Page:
Although research about spirituality in the context of disability is sparse, many thoughtful writers have considered religion and spirituality to be crucial factors in adjustment to disability. BUT, we must be careful not to “blame” God, as I did, or to say that my disability is “God’s Will, or punishment for something that I did”. Saying these things isn’t taking responsibility for our lives and figuring out how to live a better life by managing symptoms. Instead, become reconnected with whatever spiritual process/religion that you find speaks to you, and live in the present with all of the gifts that you still have. Being affiliated with a specific religion can sometimes help those of us with disabilities find comfort in times of isolation and despair.
While little research has been conducted on the influence of organized religion in the context of disability, studies on the general population have been positive. For example, a 28-year follow-up of thousands of people aged 18-65 years found that the individuals who attended at least weekly religious services had lower rates of depression, smoking, and alcohol use; they also tended to have greater social support. Frequent attendees were more likely to have engaged in other healthy behaviors, including physical exercise. The effect on survival was good after other factors were taken into consideration – their risk of death was reduced by 34%.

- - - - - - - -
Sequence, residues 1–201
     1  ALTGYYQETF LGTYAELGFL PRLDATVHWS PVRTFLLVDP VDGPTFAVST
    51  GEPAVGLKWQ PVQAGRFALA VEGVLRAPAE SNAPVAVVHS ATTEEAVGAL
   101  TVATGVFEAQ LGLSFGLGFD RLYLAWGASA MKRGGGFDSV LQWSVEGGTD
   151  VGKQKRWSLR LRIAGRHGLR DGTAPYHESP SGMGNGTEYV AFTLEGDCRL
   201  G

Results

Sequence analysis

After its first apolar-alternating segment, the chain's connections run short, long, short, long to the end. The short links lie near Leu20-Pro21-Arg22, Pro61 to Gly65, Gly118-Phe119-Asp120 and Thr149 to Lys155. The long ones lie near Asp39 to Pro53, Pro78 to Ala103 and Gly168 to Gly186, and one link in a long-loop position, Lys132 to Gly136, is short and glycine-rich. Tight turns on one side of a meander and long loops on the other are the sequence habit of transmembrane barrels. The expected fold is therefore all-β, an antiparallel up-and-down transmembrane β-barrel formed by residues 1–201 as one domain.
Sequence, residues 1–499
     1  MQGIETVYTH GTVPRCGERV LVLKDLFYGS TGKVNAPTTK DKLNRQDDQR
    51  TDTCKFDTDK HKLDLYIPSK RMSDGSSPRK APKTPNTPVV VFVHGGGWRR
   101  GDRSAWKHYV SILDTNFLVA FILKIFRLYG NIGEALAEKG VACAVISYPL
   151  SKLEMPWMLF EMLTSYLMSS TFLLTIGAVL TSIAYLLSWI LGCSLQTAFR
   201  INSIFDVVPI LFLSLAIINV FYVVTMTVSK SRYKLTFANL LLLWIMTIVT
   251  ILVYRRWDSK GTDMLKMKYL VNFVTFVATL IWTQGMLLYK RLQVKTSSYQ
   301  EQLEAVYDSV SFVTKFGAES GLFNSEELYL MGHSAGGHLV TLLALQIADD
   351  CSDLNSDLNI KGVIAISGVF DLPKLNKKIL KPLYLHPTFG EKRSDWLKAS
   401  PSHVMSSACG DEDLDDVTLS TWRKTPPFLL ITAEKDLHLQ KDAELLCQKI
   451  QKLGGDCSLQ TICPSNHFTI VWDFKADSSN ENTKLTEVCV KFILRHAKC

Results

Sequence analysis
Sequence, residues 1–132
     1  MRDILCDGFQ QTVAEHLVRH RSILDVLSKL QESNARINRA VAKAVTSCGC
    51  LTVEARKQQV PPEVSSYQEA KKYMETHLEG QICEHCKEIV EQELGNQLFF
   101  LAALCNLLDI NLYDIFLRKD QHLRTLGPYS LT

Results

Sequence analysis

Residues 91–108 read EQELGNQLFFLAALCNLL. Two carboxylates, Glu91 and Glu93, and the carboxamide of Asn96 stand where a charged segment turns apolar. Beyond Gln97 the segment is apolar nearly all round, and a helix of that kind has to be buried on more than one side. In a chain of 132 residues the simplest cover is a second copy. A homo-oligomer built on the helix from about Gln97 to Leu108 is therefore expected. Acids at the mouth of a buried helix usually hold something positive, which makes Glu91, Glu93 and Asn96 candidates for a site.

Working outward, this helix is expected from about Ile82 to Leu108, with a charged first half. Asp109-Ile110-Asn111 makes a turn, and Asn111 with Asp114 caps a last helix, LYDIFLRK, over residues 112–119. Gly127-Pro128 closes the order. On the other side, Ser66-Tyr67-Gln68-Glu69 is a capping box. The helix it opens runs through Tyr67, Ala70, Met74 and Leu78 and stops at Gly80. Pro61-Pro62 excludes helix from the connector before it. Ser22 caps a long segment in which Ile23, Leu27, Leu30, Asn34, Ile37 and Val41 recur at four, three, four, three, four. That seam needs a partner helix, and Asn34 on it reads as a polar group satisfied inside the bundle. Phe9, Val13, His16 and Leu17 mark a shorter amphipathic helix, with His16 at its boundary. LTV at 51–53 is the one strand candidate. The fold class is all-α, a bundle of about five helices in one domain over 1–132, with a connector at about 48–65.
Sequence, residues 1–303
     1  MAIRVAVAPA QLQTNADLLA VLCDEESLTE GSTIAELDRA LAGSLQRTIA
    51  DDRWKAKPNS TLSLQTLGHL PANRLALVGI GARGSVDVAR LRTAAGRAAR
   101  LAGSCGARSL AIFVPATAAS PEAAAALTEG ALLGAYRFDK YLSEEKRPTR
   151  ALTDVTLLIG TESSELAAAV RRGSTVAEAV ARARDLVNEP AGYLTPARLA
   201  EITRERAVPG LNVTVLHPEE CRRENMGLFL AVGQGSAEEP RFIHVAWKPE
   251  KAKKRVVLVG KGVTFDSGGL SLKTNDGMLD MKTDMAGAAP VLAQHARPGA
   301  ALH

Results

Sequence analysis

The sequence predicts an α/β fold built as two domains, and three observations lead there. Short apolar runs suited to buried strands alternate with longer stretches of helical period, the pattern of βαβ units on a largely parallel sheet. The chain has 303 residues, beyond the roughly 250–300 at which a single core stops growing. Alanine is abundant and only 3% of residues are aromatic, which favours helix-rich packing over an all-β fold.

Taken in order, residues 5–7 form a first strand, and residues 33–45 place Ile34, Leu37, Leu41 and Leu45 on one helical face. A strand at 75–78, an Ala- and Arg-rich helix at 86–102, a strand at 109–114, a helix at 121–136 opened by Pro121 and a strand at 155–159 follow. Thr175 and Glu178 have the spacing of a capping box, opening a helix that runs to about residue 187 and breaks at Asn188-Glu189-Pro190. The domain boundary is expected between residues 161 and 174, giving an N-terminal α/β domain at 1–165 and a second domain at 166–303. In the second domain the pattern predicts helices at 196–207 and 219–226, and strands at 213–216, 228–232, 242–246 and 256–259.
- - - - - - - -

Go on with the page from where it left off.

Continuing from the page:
When disability is integrated as another dimension of living, spiritual growth can take place. Please reread this red phrase again. It talks about integrating a disability or a chronic condition “as anothe dimension of living”! It means, taking back control of your life; actually “living” again, and managing symptoms as part of every day life! AND, believe me, this is not easy! If you have the opportunity to acquire the Disabilitykey Workbook, you will see that I use my actual condition as an example for others to follow. Whenever I have to focus on my “Multiple Sclerosis Symptom Impairment Matrix”, I get depressed all over again. My brother felt bad about asking me about his “condition” because he felt that it was NOTHING compared to what I cope with (more about his question in further blogs). BUT, I only concentrate on the symptom process when I need to. Otherwise, I concentrate on symptom management, and on daily living as quality a life as I can.
Integrating experiences of disability allows a person with a disability to recognize that suffering and hurtful experiences are universal conditions. It can be a time for you to discover untapped resources; it can be a time where you decide that you DO HAVE TIME TO play with your grandchildren, or read that book you have been putting off, or research your grandparents as they came to America long ago.
Spirituality is a way for people with disabilities to fulfill their potential and discover the possibilities while learning to live with and integrate their disability-related limitations and yet expand their boundaries to experience the fullness of life.
As part of my Internet research for this blog, I found the following website entitled “Faithability Religion, Spirituality and Disability Resources”. You can subscribe to the site, for free, and receive (I think – I haven’t gotten anything yet) periodic information. The site looked interesting, so here it is:
Once again, your comments, thoughts, and ideas on this and other blogs are welcomed!